We as physical therapists have fought for direct access for, well, as long as I can remember. But did you know that all 50 states now have some form of direct access? Yep; thanks to all of our hard work, direct access to therapy has shifted from being the exception to being the rule. Yes, in some states, that access is limited, but still—we now have the ability to, at the very least, perform an initial exam for any patient with any insurance, including Medicare, in every single state. And yet, I know very few clinicians are actually taking advantage of this right, and I want to know why. What’s keeping us from exercising the autonomy we’ve fought so long and hard to achieve? Is it that we’re afraid of insurance companies? Are we nervous about liability? Are we not educated about the direct access laws in our states? Is it simply that we don’t know how to market ourselves to prospective patients? Or, did we neglect to plan out our strategy for capitalizing on direct access once we achieved it?

Direct access eliminates the middleman—and having no middleman changes the game, big time. Historically, we’ve relied heavily on physician referrals, thus becoming codependent in our existence and identity. We haven’t felt the need to—or challenged our own abilities to—generate business. Today, even with a marked shift in healthcare—and POPTS increasing in prevalence—we still put too much stock into physicians and insurance companies selling our strengths on our behalf, which means the general public has a very narrow perspective on what we actually do. Yes, referrals are important—and will continue to be for the foreseeable future—but we are moving into a new age of healthcare, one that gives the consumer far more decision-making power. Our codependency on insurance companies has brainwashed us into thinking that they are our partners. We’ve been made to believe that they truly value us; and yet, they continue to cut our payments. The worst part is that there are some of you out there still signing contracts for less than what it takes to run your business. Enough is enough. Direct access empowers us to serve a different audience, and that’s the consumer.

But to do that, we must take a step back and look at what we do from a consumer perspective. Essentially, it’s time for a new version of our marketing strategy. We all have to re-examine our brand—both at the individual clinic level and as an overall profession. Do general consumers really understand the meaning of descriptors like “doctorate-level musculoskeletal expert” or “neuromuscular expert”? Do they know what we mean when we say we “enhance function” or “transform society”? Terms like these have left physical therapy somewhat shrouded in mystery. And if potential patients don’t even understand what we do, they can’t possibly understand why they’d benefit from our services. As I said above, the game has changed. A business-to-consumer (B2C) approach requires a different strategy and, frankly, a different budget—one that is most likely foreign to PTs who’ve long relied on the business-to-business (B2B) approach for gaining referrals.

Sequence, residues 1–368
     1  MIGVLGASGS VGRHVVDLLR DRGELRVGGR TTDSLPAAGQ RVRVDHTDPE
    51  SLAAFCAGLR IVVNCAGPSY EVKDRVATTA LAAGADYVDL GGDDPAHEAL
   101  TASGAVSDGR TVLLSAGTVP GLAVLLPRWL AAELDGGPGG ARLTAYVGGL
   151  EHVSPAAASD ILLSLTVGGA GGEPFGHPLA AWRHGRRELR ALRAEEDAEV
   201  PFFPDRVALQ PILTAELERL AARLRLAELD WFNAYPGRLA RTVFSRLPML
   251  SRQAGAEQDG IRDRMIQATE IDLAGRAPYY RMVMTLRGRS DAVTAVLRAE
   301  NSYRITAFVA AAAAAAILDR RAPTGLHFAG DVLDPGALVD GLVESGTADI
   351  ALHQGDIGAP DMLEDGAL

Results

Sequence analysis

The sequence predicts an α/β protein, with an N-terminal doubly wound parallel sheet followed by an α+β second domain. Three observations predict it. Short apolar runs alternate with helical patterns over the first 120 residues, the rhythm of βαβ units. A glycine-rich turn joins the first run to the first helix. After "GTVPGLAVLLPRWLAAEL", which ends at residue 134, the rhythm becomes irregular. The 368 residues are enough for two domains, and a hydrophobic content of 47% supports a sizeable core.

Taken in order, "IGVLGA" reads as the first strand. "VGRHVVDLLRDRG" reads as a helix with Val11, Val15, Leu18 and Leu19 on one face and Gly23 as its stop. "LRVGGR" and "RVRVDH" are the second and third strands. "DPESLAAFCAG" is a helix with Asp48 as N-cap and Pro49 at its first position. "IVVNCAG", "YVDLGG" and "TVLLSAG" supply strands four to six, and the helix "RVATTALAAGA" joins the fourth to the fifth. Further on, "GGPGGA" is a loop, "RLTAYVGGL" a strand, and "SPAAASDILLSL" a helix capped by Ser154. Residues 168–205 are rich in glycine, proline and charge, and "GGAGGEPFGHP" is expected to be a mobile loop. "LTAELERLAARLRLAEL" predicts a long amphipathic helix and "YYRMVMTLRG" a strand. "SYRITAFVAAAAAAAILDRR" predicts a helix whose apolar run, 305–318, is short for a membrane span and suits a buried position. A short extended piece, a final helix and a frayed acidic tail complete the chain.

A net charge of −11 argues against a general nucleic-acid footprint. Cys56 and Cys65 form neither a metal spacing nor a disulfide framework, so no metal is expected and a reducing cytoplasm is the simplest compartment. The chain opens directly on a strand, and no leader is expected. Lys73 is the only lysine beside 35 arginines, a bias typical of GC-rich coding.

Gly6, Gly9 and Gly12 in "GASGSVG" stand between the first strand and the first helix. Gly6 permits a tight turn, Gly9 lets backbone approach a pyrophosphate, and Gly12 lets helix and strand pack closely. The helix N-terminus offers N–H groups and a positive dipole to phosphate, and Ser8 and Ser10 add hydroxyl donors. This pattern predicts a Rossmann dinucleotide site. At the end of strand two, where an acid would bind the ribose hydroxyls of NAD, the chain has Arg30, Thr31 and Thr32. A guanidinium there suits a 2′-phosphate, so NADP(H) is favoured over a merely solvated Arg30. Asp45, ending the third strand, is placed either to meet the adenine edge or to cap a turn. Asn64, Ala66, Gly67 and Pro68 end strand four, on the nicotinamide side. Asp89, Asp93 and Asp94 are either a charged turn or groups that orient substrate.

Of course, capitalizing on direct access requires more than a simple pivot in marketing tactics. It also demands that you reassess your customer service model, intake and medical history process, and liability insurance—not to mention your business model. (FYI: Incorporating direct access into your strategy doesn’t mean you have to go totally cash-based.)

For all of these reasons—and countless others—we’re dedicating this month’s blog and webinar to direct access. It’s one of the biggest—and most beneficial—changes that has occurred within our industry. But to reap the rewards of direct access, we have to know the laws—and how to use them to our advantage. I encourage all of you to follow this month’s materials closely, ask questions, and drive discussions. It’s taken a lot of time—and a lot of blood, sweat, and tears—to win this battle; now the challenge is doing something meaningful with what we’ve achieved.

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    articleOct 4, 2017 | 8 min. read

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    articleJan 3, 2018 | 10 min. read

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    articleApr 4, 2018 | 11 min. read

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    articleOct 28, 2014 | 5 min. read

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    webinarJan 5, 2017

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    articleJan 19, 2016 | 12 min. read

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    articleOct 16, 2014 | 6 min. read

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